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USCIS Introduces Parole Process to Reunite Families from Ecuador

In an effort to expedite family reunifications and provide a safer alternative to irregular migration, U.S. Citizenship and Immigration Services (USCIS) has introduced a new Family Reunification Parole (FRP) process for certain nationals of Ecuador. The initiative, outlined in a Federal Register notice, is part of the Biden-Harris Administration’s comprehensive approach to create lawful pathways and enhance enforcement to address irregular migration.

Under this invitation-only FRP process, eligible beneficiaries from Ecuador can be considered for parole on a case-by-case basis while awaiting the availability of their family-based immigrant visas. The process aims to foster family unity and mitigate the risks associated with dangerous migration.

To be eligible, individuals must be beneficiaries of an approved Form I-130, Petition for Alien Relative, and meet specific criteria, including screening, vetting, and medical requirements. The process is initiated when the Department of State invites certain U.S. citizens or lawful permanent residents, who have an approved Form I-130 for an Ecuadorian principal beneficiary, to begin the FRP process. The petitioner can then file a request to support eligible family members, facilitating their consideration for advance travel authorization and parole.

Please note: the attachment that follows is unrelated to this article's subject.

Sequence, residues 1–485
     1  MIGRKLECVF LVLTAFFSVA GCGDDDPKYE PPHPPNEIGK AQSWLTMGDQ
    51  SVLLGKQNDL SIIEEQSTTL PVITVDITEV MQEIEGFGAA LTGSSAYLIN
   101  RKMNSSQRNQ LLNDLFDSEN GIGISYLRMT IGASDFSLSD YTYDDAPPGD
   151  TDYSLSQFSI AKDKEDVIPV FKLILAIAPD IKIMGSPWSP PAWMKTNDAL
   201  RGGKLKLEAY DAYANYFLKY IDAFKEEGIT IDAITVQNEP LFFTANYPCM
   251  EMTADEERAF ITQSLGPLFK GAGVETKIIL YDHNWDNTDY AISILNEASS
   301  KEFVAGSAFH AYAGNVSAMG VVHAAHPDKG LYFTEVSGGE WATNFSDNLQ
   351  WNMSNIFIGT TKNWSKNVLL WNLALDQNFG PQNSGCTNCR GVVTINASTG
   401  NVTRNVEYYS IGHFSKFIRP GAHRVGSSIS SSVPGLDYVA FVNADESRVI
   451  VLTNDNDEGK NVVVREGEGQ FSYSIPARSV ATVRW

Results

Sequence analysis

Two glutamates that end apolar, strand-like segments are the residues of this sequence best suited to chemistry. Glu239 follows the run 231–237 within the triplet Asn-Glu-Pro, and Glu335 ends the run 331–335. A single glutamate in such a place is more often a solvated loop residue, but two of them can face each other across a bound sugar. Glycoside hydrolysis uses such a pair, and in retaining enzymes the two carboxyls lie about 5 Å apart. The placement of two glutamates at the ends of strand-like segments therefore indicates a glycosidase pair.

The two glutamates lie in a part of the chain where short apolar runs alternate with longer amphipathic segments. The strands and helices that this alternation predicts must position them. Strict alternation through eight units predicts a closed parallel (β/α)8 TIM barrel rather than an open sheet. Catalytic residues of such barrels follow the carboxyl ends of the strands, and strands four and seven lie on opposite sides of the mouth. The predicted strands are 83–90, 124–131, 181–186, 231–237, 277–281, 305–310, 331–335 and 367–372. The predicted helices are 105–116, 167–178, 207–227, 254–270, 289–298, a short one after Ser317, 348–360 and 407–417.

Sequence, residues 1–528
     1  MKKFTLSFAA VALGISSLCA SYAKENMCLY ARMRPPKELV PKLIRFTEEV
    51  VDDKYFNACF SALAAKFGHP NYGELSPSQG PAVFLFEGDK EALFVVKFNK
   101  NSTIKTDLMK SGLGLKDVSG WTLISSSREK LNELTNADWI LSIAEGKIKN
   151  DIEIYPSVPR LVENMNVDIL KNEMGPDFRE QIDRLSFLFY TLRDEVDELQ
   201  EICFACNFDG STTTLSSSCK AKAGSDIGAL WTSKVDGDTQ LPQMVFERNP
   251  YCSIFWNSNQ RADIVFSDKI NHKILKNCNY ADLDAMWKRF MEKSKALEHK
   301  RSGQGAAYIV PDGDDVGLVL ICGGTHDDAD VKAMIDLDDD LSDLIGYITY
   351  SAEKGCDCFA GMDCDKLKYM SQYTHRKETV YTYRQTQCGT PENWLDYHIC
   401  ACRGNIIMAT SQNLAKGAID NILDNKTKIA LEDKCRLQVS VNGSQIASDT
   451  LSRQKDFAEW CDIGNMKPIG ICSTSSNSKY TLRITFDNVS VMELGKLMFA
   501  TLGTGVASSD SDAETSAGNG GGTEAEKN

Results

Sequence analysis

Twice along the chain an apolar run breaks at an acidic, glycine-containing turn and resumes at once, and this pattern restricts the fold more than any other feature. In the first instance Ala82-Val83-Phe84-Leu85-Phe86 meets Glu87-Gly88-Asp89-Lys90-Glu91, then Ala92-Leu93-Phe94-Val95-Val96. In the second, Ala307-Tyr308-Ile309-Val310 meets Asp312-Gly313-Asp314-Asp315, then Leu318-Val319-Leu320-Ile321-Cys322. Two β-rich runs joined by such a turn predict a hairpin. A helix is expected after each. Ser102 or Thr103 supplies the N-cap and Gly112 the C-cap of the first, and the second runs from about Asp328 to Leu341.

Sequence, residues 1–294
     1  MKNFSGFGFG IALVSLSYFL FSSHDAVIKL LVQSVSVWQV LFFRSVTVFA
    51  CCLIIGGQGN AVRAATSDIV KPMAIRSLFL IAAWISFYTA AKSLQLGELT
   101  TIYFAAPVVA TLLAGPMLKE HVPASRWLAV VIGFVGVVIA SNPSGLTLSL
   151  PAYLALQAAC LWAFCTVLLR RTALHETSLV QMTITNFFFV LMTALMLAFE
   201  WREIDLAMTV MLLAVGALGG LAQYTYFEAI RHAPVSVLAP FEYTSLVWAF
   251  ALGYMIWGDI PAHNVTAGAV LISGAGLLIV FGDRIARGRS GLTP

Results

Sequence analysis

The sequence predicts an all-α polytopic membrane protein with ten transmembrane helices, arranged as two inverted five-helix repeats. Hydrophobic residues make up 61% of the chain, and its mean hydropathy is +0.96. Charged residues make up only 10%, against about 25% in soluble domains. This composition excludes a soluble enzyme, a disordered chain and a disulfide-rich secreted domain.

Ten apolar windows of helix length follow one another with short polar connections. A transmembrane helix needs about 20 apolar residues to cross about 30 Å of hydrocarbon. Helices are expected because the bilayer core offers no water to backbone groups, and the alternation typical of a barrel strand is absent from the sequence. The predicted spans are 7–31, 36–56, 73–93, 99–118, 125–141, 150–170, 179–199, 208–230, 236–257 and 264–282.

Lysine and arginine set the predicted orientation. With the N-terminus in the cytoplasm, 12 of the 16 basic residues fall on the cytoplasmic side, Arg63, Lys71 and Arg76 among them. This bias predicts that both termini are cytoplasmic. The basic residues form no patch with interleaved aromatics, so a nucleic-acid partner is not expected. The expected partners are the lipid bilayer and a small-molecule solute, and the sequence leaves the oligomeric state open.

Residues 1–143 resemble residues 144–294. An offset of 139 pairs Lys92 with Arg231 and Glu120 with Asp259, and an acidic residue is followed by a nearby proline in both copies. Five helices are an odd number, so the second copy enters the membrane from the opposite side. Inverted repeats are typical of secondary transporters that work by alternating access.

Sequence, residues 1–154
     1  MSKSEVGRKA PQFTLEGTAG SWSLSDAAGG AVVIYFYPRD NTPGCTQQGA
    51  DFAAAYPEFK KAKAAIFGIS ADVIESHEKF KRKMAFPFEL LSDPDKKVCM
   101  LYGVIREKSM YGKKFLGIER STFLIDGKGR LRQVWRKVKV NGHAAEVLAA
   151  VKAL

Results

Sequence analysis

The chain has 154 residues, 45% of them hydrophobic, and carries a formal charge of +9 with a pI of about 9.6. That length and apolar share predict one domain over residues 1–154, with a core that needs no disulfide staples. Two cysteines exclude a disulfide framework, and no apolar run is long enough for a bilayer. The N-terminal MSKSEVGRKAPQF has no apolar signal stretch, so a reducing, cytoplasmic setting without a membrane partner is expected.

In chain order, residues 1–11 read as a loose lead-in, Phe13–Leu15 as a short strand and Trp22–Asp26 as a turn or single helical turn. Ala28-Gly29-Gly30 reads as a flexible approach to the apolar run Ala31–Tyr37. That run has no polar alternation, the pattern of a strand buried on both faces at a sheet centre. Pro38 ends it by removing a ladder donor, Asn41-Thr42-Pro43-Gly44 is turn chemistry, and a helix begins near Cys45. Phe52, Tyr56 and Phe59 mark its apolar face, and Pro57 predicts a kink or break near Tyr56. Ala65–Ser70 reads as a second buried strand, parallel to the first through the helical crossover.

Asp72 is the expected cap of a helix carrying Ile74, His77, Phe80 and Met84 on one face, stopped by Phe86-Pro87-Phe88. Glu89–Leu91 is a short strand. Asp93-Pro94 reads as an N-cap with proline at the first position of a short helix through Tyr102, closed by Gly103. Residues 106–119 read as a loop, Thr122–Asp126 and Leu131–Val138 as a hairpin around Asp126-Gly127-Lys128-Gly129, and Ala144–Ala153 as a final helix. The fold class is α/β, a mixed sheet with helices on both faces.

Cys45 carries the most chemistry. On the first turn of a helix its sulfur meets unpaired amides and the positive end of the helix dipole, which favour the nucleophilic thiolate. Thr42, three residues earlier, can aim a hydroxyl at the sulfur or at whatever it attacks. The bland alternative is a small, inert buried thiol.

Starting November 17, 2023, USCIS will utilize Form I-134A, Online Request to be a Supporter and Declaration of Financial Support, for this FRP process. Parole will be granted on a temporary basis and a case-by-case evaluation, based on urgent humanitarian or significant public benefit reasons, with a general parole period of up to three years. Parolees may request employment authorization while awaiting their immigrant visas, and upon visa availability, they can apply for lawful permanent residency.

Secretary of Homeland Security Alejandro N. Mayorkas holds discretionary authority, as outlined in Section 212(d)(5)(A) of the Immigration and Nationality Act, to parole applicants temporarily into the U.S. for urgent humanitarian or significant public benefit reasons. This FRP process for certain nationals of Ecuador follows previous initiatives for family reunification parole, including those for Cuba, Haiti, Colombia, El Salvador, Guatemala, and Honduras, as part of ongoing efforts to establish lawful and orderly migratory pathways. The Federal Register notice provides detailed information on the application process and eligibility criteria.

Source: USCIS